[pawr-uhs, pohr-]


full of pores.
permeable by water, air, etc.

Origin of porous

1350–1400; Middle English, variant of porose < Medieval Latin porōsus. See pore2, -ous
Related formspo·rous·ly, adverbpo·rous·ness, nounnon·po·rous, adjectivenon·po·rous·ness, nounun·po·rous, adjectiveun·po·rous·ness, noun

Synonyms for porous

Dictionary.com Unabridged Based on the Random House Unabridged Dictionary, © Random House, Inc. 2019

Related Words for porous

penetrable, permeable, pervious, spongy, absorptive

Examples from the Web for porous

Contemporary Examples of porous

Historical Examples of porous

British Dictionary definitions for porous



permeable to water, air, or other fluids
biology geology having pores; poriferous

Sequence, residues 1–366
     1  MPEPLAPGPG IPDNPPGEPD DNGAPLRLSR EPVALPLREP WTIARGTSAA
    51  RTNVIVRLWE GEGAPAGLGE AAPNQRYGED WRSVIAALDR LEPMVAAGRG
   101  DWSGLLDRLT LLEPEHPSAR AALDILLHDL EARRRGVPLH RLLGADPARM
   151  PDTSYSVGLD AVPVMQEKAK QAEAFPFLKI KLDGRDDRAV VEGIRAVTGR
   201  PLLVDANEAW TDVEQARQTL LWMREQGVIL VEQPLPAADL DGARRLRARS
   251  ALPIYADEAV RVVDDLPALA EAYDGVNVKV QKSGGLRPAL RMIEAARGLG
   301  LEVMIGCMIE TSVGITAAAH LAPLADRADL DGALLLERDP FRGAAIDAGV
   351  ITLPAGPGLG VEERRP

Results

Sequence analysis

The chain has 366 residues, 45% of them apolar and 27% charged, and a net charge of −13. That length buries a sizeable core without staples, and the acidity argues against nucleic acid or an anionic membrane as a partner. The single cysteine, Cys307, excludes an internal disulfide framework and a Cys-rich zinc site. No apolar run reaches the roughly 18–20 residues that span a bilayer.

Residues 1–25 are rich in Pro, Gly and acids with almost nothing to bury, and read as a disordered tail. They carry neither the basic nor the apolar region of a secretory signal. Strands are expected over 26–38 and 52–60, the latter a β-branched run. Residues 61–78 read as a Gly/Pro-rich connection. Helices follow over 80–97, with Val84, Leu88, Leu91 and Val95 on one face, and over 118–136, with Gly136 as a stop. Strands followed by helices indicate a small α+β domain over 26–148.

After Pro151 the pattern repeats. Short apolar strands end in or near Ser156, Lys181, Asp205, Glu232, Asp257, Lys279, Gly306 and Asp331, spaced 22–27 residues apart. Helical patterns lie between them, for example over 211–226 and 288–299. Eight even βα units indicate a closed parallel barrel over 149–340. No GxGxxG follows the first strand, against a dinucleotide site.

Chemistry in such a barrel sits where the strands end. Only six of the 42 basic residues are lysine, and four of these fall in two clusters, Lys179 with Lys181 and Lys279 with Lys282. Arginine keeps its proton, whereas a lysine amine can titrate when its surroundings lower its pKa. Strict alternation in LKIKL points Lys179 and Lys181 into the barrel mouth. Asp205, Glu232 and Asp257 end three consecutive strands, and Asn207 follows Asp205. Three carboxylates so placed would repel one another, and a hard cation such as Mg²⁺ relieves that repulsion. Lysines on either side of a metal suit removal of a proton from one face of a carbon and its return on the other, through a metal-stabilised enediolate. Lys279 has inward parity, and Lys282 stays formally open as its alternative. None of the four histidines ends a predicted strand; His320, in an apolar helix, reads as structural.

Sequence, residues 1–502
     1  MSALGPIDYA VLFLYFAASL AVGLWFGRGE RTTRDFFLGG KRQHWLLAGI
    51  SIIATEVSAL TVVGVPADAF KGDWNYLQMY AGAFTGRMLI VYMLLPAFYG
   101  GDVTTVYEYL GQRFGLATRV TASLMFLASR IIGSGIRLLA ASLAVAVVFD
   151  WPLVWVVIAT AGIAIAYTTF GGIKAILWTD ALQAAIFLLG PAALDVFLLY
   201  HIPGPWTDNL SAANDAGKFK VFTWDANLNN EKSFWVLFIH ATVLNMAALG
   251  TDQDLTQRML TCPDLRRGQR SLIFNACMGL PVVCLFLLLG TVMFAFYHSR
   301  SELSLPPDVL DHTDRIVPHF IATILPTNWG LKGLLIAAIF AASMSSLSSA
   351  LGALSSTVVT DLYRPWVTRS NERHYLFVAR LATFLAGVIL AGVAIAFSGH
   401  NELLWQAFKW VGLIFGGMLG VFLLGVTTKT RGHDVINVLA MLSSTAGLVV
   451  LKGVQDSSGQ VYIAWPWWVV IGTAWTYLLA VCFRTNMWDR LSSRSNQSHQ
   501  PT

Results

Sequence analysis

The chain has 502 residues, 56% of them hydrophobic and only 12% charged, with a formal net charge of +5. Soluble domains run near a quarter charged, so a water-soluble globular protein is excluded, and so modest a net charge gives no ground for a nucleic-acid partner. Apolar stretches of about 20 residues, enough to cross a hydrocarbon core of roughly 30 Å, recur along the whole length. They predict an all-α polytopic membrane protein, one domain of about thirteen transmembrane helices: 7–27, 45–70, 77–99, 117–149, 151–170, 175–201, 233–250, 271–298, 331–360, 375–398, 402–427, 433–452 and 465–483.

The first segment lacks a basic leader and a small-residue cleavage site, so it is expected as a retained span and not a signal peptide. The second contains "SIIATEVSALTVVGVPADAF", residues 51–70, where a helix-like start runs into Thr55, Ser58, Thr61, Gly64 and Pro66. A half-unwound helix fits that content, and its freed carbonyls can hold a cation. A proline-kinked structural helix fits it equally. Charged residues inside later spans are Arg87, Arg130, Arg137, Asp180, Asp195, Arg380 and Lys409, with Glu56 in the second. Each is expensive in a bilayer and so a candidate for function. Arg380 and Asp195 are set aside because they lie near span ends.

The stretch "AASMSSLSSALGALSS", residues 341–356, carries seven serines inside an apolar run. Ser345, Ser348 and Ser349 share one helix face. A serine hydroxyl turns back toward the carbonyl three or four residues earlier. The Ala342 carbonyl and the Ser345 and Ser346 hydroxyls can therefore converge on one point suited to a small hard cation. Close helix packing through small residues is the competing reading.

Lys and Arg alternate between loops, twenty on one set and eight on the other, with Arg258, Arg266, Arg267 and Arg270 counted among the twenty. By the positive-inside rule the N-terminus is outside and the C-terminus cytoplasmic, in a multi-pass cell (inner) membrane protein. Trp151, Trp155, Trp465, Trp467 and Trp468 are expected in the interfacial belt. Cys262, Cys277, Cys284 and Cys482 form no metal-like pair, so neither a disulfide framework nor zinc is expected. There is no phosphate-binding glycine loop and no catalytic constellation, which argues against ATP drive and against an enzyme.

easy to cross or penetratethe porous border into Thailand; the most porous defence in the league
Derived Formsporously, adverbporousness, noun

Word Origin for porous

C14: from Medieval Latin porōsus, from Late Latin porus pore ²
Collins English Dictionary - Complete & Unabridged 2012 Digital Edition © William Collins Sons & Co. Ltd. 1979, 1986 © HarperCollins Publishers 1998, 2000, 2003, 2005, 2006, 2007, 2009, 2012

Word Origin and History for porous

late 14c., "full of pores," from Old French poros (14c., Modern French poreux), from Medieval Latin porosus; or directly from Latin porus "an opening" (see pore (n.)). Figurative use from 1640s.

Online Etymology Dictionary, © 2010 Douglas Harper

porous in Medicine




Full of or having pores.
Admitting the passage of gas or liquid through pores.
Related formsporous•ness n.
The American Heritage® Stedman's Medical Dictionary Copyright © 2002, 2001, 1995 by Houghton Mifflin Company. Published by Houghton Mifflin Company.

porous in Science



Having many pores or other small spaces that can hold a gas or liquid or allow it to pass through.
The American Heritage® Science Dictionary Copyright © 2011. Published by Houghton Mifflin Harcourt Publishing Company. All rights reserved.